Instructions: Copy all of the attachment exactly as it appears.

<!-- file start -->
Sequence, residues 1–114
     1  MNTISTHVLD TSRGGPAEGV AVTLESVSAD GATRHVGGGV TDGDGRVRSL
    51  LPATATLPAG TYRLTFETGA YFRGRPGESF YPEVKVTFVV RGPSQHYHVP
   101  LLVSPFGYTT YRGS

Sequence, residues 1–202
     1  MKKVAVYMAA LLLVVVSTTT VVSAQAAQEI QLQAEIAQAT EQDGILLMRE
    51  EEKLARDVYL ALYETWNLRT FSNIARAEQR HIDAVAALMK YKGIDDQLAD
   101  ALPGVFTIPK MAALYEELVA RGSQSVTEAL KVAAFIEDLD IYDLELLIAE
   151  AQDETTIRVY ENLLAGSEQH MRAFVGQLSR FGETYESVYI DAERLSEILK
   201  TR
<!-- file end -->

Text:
Sequence, residues 1–114
     1  MNTISTHVLD TSRGGPAEGV AVTLESVSAD GATRHVGGGV TDGDGRVRSL
    51  LPATATLPAG TYRLTFETGA YFRGRPGESF YPEVKVTFVV RGPSQHYHVP
   101  LLVSPFGYTT YRGS

Sequence, residues 1–202
     1  MKKVAVYMAA LLLVVVSTTT VVSAQAAQEI QLQAEIAQAT EQDGILLMRE
    51  EEKLARDVYL ALYETWNLRT FSNIARAEQR HIDAVAALMK YKGIDDQLAD
   101  ALPGVFTIPK MAALYEELVA RGSQSVTEAL KVAAFIEDLD IYDLELLIAE
   151  AQDETTIRVY ENLLAGSEQH MRAFVGQLSR FGETYESVYI DAERLSEILK
   201  TR